People can't stop complaining about the $5 million chandelier under a bridge in Vancouver
A luxury residential developer may be reconsidering its decision to install a nearly eight-metre, $5-million spinning chandelier under Vancouver's Granville Street bridge.
People have a lot to say about Westbank Corp.'s "art installation" — what at first seemed like a publicity stunt for its forthcoming development — not only because of the opulent excess it represents amid a city dealing with a housing crisis, but because it happens to hang in a space that was once occupied by the homeless.
- #Vancouver in a nutshell -— Arturo Mendez 🇲🇽🇨🇦 (@arturomendz) December 3, 2019
In 2017 a total of 3,605 people were found homeless in Metro Vancouver. Last week a 4.8 Million Dollars "Spinning Chandelier" was installed under Granville Bridge. pic.twitter.com/oLQnaW0yTR
The underpass serves as shelter for individuals experiencing homelessness, who have historically set up camp in the industrial area. Many residents are saying the chandelier is tasteless and tone-deaf, like the equivalent of giant middle finger to the city's impoverished.
Just think how many art & music programs they could have funded with that money if they are looking at this as " art". The amount of food it would have provided to food banks, help for the homeless. Training in a trade it could provide. Yeah it is flipping the bird— GrumpyGrannie (@grumpy_grannie) December 2, 2019
The piece of art was actually mandated by the city in order for Westbank to rezone for its nearby Vancouver House condo project, which will be 52 storeys and has units going for nine million dollars. The company has a history of incorporating public art into a number of its buildings in the area.
The construction giant will also have to pay more than $21 million in fees to the city, and offer 106 new rental units as part of the deal. Such arrangements of "selling" rezoning are not rare.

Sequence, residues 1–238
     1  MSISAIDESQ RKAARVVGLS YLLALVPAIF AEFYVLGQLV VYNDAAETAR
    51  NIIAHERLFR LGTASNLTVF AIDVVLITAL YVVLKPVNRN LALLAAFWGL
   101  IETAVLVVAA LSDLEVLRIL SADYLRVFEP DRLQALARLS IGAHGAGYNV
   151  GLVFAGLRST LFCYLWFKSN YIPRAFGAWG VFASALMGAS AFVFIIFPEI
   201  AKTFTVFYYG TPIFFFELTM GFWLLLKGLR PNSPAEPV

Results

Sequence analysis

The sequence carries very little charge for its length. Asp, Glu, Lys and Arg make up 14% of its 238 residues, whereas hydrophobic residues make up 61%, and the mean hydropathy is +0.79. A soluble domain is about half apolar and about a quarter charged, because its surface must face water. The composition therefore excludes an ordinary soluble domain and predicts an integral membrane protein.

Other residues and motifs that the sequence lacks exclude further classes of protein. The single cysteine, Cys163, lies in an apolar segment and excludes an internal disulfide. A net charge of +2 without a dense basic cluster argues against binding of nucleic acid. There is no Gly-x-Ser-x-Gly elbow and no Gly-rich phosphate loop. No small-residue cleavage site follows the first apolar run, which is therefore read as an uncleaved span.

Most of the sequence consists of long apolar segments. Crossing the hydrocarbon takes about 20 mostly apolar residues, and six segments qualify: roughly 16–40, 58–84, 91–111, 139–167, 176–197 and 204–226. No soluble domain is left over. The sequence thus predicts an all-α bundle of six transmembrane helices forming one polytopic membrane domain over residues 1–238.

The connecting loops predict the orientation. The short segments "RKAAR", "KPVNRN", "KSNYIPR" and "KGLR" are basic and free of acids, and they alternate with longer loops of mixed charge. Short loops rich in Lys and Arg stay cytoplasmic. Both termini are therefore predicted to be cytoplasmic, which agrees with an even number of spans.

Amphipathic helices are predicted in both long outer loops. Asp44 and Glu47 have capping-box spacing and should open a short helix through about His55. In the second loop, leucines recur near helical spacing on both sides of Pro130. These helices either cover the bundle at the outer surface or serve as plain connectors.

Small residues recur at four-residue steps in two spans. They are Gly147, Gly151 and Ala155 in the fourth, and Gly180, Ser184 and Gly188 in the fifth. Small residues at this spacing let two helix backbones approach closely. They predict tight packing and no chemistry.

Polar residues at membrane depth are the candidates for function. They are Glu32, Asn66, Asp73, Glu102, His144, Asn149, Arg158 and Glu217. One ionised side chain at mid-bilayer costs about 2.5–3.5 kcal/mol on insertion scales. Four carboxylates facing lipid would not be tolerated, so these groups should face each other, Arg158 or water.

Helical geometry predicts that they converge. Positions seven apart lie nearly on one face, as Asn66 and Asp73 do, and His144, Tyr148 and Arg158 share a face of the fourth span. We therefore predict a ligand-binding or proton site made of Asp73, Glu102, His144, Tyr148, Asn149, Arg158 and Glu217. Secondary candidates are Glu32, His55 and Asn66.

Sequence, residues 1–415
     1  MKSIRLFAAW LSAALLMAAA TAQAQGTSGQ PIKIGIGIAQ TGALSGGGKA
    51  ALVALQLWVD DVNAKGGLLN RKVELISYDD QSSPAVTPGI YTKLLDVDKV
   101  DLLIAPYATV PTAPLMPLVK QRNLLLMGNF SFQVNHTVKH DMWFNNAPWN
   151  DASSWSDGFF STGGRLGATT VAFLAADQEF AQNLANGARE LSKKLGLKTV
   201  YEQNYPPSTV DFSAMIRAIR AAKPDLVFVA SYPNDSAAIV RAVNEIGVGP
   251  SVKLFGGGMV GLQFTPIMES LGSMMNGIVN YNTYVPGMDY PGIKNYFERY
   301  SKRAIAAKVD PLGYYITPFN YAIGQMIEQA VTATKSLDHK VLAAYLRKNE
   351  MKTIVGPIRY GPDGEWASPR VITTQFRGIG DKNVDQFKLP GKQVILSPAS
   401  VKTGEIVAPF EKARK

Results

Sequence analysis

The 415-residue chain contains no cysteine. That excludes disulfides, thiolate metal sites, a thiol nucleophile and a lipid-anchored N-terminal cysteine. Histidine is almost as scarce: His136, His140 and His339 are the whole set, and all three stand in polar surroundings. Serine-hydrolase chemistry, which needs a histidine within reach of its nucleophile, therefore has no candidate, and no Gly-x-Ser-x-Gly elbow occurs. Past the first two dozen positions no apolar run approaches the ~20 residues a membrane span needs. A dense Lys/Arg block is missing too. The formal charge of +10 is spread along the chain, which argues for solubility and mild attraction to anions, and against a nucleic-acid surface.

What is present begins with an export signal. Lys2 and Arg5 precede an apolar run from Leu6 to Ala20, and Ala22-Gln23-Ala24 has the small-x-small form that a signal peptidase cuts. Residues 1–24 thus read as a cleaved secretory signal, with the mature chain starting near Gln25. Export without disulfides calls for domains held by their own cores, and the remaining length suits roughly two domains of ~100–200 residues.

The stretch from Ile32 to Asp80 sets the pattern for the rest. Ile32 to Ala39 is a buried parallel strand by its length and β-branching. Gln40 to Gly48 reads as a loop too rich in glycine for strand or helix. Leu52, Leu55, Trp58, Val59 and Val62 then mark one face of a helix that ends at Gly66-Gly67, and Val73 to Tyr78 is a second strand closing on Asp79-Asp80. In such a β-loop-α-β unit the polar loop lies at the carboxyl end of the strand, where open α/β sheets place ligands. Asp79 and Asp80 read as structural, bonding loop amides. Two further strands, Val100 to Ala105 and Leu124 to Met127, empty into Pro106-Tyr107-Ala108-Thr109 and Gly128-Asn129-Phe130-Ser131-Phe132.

The chandelier coalesced and united previously unorganized opposition & created common ground & unity by serving as a symbol for everything the people hated & knew needed to change — is a sentence I would not be surprised is written by future historian of Vancouver.— Gabrielle Peters she/her♿️ (@mssinenomine) December 4, 2019
The "art," which some are joking may start a class war, was designed by B.C. artist Rodney Graham and is made of more than 3,000 kg of faux crystals and stainless steel.
Fun fact about Vancouver’s newest public art installation - each crystal on the $4.8Million chandelier under the Granville Bridge represents 3 homeless people in Vancouver who probably could’ve been helped with a portion of that money, but didn’t. Isn’t art NEAT? It SPINS! 👎 pic.twitter.com/aAuC1x5bfg— 🤶🏽🎄vanessa doban🎅🏼🎁 (@vanessadoban) November 30, 2019
In response to the backlash, Westbank said in a statement to media that it doesn't have to "choose between contributing to social infrastructure or making other contributions, whether artistic or cultural, that are seen as less functional" and that it doesn't see this as an "either/or situation."
Regardless of the intention behind the fixture, response remains divisive and largely negative. There have even been petitions launched that argue that the chandelier — typically a signifier of affluence — is not in fact art at all.
Meanwhile in #Canada's #Vancouver, where there's a raging rental and housing crisis, they buy a 4.8 million dollar chandelier. Of all the unuseful things in the universe.... a chandelier.— centeringpendulum (@centeringpendu1) December 3, 2019
This goes to show you that being ruled by wealthy/disconnected= badhttps://t.co/hnCkIzcFij
One thing is for certain: the piece is drawing a lot of attention. Those who want to see the controversial artifact in-person can watch it drop, spin and illuminate under Vancouver's Granville Street bridge at noon and 9 p.m. daily.
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